Since MySQL version 5, MySQL includes a database called INFORMATION_SCHEMA which contains all database-, table-, and column-names a user has access to.
So even if an attacker cannot execute
show databases as suggested by @Lajos Arpad, because they don't have a direct connection, but only an SQL injection, they can get all database names to which they have access anyways.
For previous versions of MySQL, creating a database with a harder to guess name might have added a tiny bit of security. For example, if an attacker had an SQL injection in the database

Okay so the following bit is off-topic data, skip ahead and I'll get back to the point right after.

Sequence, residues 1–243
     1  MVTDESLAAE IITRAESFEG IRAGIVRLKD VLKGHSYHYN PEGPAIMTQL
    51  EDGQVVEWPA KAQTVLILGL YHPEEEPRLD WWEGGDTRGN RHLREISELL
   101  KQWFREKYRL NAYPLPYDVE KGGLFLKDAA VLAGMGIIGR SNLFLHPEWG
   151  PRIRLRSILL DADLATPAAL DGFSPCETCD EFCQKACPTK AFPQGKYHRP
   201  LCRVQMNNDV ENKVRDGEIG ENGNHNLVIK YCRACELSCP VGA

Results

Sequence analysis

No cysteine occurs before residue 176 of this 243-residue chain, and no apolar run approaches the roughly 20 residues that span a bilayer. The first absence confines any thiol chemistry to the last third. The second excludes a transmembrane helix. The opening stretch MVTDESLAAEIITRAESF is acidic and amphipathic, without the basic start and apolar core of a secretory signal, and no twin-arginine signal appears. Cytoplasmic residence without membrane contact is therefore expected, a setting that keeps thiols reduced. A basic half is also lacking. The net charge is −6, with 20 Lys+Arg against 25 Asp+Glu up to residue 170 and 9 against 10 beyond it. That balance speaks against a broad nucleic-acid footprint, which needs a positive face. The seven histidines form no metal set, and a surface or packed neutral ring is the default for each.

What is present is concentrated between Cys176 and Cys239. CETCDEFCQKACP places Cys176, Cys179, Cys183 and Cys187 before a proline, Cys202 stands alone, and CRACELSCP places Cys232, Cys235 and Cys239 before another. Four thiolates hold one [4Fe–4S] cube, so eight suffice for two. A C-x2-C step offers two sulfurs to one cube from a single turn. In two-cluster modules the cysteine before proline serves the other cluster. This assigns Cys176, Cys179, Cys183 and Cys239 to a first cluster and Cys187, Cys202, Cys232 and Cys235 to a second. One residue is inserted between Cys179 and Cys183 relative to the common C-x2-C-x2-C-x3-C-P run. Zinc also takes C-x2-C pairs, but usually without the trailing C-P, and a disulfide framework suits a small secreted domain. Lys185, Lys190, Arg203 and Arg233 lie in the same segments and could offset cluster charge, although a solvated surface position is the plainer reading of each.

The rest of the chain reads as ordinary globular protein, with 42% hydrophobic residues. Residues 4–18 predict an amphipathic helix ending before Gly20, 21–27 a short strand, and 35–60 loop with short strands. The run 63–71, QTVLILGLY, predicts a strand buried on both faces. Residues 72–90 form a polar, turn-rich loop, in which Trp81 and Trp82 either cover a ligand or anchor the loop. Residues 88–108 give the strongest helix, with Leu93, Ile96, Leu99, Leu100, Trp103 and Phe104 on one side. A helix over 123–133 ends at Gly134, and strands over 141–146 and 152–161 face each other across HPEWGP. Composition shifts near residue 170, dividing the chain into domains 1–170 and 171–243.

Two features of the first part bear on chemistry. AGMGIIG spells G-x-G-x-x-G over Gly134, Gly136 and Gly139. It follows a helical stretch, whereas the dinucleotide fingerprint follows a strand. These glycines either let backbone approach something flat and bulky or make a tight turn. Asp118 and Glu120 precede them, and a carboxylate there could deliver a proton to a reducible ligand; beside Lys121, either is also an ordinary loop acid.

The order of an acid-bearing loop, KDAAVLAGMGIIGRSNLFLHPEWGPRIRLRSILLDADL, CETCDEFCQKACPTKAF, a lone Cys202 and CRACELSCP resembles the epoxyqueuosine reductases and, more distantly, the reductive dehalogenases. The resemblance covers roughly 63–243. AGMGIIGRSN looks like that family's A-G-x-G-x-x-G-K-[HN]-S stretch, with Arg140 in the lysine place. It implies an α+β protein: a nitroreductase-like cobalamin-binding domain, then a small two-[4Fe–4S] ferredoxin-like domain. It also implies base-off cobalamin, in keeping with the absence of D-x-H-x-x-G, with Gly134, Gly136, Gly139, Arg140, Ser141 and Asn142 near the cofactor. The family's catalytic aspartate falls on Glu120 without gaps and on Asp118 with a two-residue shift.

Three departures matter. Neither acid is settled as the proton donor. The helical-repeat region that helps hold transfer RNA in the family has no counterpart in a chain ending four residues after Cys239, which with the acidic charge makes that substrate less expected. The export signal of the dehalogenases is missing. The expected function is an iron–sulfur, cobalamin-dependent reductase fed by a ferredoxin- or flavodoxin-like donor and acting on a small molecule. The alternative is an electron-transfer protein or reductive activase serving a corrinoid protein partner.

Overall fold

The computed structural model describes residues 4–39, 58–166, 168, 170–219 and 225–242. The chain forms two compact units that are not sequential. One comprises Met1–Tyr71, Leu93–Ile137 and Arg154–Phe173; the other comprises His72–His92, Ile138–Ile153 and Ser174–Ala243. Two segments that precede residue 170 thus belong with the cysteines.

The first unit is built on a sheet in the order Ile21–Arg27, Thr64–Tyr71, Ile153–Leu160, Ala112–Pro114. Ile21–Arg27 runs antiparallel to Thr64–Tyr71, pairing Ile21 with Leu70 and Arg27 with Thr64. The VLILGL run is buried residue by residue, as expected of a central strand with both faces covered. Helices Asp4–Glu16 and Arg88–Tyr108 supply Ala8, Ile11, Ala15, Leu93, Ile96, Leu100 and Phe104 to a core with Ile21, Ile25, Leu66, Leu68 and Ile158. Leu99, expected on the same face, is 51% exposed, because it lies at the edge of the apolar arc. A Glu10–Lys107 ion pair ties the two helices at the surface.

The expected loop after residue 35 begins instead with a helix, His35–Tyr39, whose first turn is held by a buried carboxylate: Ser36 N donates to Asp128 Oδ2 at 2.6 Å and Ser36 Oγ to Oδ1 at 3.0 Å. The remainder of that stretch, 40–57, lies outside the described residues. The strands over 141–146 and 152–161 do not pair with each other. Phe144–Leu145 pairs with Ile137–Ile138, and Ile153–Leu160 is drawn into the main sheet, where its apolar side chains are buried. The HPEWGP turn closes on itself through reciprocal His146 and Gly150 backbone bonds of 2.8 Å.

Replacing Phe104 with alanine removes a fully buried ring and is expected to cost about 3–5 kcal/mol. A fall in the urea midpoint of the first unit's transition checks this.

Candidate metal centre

boring_stuff, and guessed the database name
user (with the relevant tables, etc), renaming the database to
something_secret might have prevented the attacker from accessing it. But so would better access control (creating separate database users for
something_secret), which would be preferable to security by obscurity.
tl;dr: No, long database names never really increased security, and they definitely don't since MySQL5, since all database names are accessible to all database users that have access to them. The same goes for table and column names.